Kicking off his time as a visiting scholar in residence at Columbia/Barnard Hillel, Daniel Shapiro, the former United States Ambassador to Israel, sat down with students at the Kraft Center in New York on Sept. 11 to discuss the U.S./Israel relationship and the peace process between Israel and the Palestinians.
Shapiro represented the United States for six years in the Obama administration, leaving this past January. Before his appointment, Shapiro served on the National Security Council as the senior director for the Middle East and North Africa. Sitting down Monday with Professor Matthew C. Waxman, the Liviu Librescu Professor of Law at Columbia Law School and the faculty chair of the National Security Law Program, Shapiro highlighted some of the progress made during the Obama administration to strengthen the U.S./Israel bond and addressed some of the criticism Obama received regarding his relationship with Israeli Prime Minister Benjamin Netanyahu.
“As somebody who was present on the inside and a participant in all of President Obama’s and Prime Minister Netanyahu’s interactions… I believe it is a much too narrow prism to look at it only through the areas of disagreement,” Shapiro said. “I don’t want to minimize it or suggest that didn’t occur, but at the same time as those disagreements occurred, the relationship was actually becoming much stronger in some very important and profound ways.”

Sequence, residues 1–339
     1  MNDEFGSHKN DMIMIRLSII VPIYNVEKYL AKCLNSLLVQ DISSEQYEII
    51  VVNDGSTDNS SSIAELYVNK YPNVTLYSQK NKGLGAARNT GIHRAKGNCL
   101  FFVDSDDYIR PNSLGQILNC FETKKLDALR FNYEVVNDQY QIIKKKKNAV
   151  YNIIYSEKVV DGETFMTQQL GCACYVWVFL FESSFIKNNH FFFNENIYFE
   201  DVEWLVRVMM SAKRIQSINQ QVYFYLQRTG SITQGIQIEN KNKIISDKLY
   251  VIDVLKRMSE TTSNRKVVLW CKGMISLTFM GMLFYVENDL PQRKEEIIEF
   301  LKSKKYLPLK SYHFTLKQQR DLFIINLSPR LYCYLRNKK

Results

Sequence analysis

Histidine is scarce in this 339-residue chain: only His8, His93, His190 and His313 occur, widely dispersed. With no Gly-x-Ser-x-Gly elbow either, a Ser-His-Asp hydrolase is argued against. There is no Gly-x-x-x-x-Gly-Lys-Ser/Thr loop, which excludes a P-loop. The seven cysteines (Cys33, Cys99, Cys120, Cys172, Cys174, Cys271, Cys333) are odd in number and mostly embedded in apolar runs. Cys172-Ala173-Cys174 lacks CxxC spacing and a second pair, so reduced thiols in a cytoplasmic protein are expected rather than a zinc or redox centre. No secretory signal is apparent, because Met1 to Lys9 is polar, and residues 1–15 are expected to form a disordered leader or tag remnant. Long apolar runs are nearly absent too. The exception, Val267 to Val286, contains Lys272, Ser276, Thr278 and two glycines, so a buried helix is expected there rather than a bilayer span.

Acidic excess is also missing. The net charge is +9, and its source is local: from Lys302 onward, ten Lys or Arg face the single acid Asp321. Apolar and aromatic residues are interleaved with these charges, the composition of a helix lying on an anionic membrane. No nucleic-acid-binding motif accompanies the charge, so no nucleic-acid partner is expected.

The former ambassador pointed to the two countries’ security, technology and economic partnerships, citing an increase in U.S. financial support and assistance with the development of the Iron Dome, Israel’s anti-missile defense system.
After the talk, several students also stood up to ask the ambassador questions about topics ranging from the Syrian conflict to Israeli politics.
For four days split between this year’s fall and spring semesters, Shapiro will be in New York, engaging with Columbia and Barnard students on campus. He’ll also be visiting with Birthright Israel groups for 90-minute meetings and plans to join the Hillel’s student leadership trips for one full day each during winter and spring breaks.
“It’s an amazing resource to have Ambassador Shapiro here,” said Dante Mazza, a Columbia junior. “He has been privy to so many amazing, incredible situations and if you just take a moment to stop and think about his career and what he’s seen, getting to hear his insight is an incredible resource.”
“It is a huge win for Columbia to have brought him here,” echoed Columbia junior Hunter Stires.
Sami Frankel, a Columbia junior, said Shapiro was “a really incredible speaker” and that she really appreciated the opportunity to “hear his wisdom and about his experiences.”
She continued: “Having somebody who has been so much on the inside and being part of our community is a really special opportunity for us. Getting to hear all the things he said about his role in [peace] negotiations…is very encouraging to those of us on campus who are wondering how we can continue to support Israel and be active participants in the political process and in Israel’s support system.”
Columbia senior Yacov Lewis said he felt “really privileged” to hear the ambassador speak.
“I think there are a lot of students on campus who aren’t yet interested in politics in a substantial way outside of the narrow issues that they are focused on,” Lewis said. “I think he brings a great opportunity to students who haven’t yet developed an interest in politics to really explore it further.”